Compressive stress relates to the way that motion may compact a material, especially materials that have two surfaces making contact with one another. A prime example of this type of stress is the insoles of your shoes. When you run or exercise, the pounding of your feet inside of your shoes will compact all of the material that is in there. Eventually, it will stop giving you the cushiony response that you expected and wanted when you bought these shoes. The more that you run or the more that you weigh, the faster this will happen.
In some situations, you add additional materials to increase the compressive strength which is related to compressive stress. Compressive strength is the upper most limit of a material in response to compressive stress before it fails. Certain types of material just have a higher compressive strength than others do by their very nature while others can be made more stress tolerant by blending them with another, more stable type of material. That is one of the many uses of Sorbothane, it can be coupled with another material to make it that much stronger and more resistant to compression.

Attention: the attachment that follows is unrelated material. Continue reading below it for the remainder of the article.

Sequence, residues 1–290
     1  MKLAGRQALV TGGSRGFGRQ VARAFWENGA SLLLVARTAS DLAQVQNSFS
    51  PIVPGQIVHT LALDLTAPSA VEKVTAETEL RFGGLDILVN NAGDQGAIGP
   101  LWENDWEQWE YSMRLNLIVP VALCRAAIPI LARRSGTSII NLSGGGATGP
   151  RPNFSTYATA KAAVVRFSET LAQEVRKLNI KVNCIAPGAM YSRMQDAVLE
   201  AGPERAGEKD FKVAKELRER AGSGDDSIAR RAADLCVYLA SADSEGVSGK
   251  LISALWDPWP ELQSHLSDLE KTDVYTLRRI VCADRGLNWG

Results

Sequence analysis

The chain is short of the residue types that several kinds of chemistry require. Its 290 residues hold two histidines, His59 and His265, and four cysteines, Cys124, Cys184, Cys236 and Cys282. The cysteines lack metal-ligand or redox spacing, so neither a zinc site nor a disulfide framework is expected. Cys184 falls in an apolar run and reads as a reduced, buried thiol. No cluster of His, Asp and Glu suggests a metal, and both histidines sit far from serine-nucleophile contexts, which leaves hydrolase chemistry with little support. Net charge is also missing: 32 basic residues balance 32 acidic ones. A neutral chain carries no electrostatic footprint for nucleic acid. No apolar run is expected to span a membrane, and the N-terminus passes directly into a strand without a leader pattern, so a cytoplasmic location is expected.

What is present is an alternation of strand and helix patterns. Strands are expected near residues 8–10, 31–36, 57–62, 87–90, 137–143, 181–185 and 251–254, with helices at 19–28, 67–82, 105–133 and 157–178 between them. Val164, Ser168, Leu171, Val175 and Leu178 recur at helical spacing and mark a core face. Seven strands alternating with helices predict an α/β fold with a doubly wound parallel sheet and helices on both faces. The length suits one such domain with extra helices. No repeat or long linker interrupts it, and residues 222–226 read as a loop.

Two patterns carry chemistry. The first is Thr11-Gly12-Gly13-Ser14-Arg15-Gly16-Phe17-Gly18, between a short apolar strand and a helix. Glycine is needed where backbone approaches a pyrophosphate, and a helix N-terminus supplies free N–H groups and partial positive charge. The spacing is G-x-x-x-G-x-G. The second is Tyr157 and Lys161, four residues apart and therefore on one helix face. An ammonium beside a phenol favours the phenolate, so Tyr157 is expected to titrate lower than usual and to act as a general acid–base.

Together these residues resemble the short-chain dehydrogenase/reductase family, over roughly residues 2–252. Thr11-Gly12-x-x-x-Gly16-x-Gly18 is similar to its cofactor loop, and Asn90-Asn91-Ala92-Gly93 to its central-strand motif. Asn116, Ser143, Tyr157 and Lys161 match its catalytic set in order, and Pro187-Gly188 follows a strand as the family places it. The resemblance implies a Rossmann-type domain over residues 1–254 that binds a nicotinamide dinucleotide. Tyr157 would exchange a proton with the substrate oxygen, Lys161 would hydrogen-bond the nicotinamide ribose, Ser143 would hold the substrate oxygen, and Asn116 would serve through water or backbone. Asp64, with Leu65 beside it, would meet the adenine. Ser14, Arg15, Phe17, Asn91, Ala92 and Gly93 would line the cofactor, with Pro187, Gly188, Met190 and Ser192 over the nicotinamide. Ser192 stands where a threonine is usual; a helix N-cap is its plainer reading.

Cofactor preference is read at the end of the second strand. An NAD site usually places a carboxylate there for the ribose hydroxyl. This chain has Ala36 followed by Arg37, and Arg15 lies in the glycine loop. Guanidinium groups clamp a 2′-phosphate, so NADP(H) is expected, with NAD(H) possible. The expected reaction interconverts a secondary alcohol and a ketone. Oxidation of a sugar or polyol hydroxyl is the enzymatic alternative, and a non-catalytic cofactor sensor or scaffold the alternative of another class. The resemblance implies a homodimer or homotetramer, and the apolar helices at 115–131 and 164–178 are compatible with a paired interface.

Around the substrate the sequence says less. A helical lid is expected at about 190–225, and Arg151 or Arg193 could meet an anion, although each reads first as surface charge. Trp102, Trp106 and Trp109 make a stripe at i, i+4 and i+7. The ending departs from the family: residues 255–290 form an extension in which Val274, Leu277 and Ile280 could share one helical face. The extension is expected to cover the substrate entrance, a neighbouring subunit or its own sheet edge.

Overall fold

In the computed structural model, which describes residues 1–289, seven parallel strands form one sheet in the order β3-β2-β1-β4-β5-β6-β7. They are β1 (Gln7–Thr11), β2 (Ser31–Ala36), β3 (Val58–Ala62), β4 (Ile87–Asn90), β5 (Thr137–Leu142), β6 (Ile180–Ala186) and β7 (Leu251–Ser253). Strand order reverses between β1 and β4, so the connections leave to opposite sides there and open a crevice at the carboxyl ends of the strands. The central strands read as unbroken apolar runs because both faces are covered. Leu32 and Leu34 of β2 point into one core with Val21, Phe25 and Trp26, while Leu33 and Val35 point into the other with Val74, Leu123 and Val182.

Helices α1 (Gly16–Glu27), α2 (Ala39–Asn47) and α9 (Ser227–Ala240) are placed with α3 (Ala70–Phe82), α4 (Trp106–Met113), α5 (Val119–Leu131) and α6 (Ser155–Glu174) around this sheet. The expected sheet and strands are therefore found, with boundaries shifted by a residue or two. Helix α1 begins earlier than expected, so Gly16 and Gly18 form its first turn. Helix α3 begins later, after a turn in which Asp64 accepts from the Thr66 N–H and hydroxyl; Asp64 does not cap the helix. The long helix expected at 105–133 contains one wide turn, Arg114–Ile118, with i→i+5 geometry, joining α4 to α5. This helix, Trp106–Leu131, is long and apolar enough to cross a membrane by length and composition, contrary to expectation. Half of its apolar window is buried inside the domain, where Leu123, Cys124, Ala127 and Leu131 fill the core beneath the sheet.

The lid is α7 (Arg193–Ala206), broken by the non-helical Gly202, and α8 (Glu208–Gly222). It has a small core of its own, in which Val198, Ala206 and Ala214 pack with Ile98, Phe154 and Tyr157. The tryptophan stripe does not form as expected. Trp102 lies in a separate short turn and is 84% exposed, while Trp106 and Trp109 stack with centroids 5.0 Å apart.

The perfect example of this is the Sorbothane shoe insoles. As discussed, shoes are made of several layers of materials, each meant to protect your foot from the ground you are running on as well as reducing the amount of shock that you feel when your foot strikes the ground. The mechanics of running is important to understand so that you know how to reduce some of the pain you may feel, especially when you are running long distances over uncertain types of material or you are working to increase your speed at any point. The more effort that you are putting into your run, the more pounding you will do to your shoes. The average person will need a new pair of shoes in as little as three months to as long as six months depending on how often they are getting out on the road and the other factors.
Sorbothane shoe insoles are thin enough to fit comfortable in the shoe without adding extra bulk but still will allow the shoes compression strength to be much higher. Compressive stress can leave your shoe so flat that they are not only uncomfortable but are actually increasing your risk for run related injuries. As soon as one spot becomes thinner, we may instinctively roll our foot to the other side, which means that we can run without proper foot strike or alignment. Those are the perfect mechanisms for serious injuries which can include a dislocated knee joint, tightness in the hips and lower back pain.
The insoles absorb the shock from the pavement or other surfaces and dispel it before it reaches the feet and legs. You will notice the difference, not only in the way that your feet and legs feel but in the amount of energy that you still have at the end of the run.
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